When things go wrong, successful leaders don’t look for someone to blame. They recognise that failure is essential for innovation. Effective leaders don’t waste time beating themselves up when things don’t go as planned. They do things differently by fostering a culture of psychological safety, creating a platform for sustainable performance to flourish.
Leadership Failure & Psychological Safety
Harvard behavioural scientist, Amy Edmondson, defines psychological safety as
“a shared belief held by members of a team that the team is safe for interpersonal risk-taking.”
Psychological safety needs to be present for organisations to learn from failure. Effective leaders model a growth mindset, promoting psychological safety and appropriate risk taking. When teams trust their leaders they’re more likely to talk openly about failure rather than shift blame or hide errors. But how to build that elusive culture?
Amy Edmondson on Building Psychological Safety
Great leaders share their stories of failure. They don’t hide hide their mistakes or aim to project perfection. They learn and grow from their mistakes. Think Barack Obama, Oprah Winfrey, Warren Buffet, J K Rowling. Learning from failure laid the foundation for their success. So what are successful leaders doing differently?
Leader Success and Failure aren’t Binary
Accurate reflection depends upon the analysis of success and failure. Complex problems are multi factorial. Solutions rely upon external factors as well as skills, knowledge and abilities. We need to begin to examine our successes and failures in tandem.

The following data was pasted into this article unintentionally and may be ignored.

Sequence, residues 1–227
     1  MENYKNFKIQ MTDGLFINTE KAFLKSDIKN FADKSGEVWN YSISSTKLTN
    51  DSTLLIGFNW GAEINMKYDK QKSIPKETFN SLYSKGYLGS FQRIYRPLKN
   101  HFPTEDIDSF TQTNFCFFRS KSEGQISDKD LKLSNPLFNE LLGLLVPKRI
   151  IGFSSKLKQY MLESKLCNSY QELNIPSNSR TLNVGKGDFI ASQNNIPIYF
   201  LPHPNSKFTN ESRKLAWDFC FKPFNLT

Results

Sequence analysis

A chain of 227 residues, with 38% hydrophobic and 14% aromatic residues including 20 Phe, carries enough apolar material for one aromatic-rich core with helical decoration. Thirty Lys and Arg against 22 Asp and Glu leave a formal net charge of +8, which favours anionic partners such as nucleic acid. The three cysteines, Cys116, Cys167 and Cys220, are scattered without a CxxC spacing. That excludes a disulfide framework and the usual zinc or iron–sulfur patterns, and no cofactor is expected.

They Avoid Attribution Error
When leaders examine failure it’s easy to assume in hindsight that errors are obvious. Growth mindset leaders recognise that failures, errors and mistakes are multi layered. For failure to take place there are layers of core values, organisational culture, personalities and assumptions at play.
Sakichi Toyada’s 5 “Whys” are a useful problem solving tool. The 5 Whys provide an effective starting point from which to examine failure. Asking Why? five times helps to place focus on contributing factors rather than seeking a source of blame. It’s a useful baseline to begin exploring causal factors.
Leaders Reframe Loss Aversion
Traditionally we’re taught to avoid failure. Loss hurts, and unless we know better, we’ll do everything we can to avoid it. Changing how we frame failure is key. Relating to errors and mistakes as an opportunity for accelerated learning is pivotal. Leaders who model this growth mindset approach create learning organisations that embrace risk and innovation. Reframing failure and error in this way creates a culture of learning.
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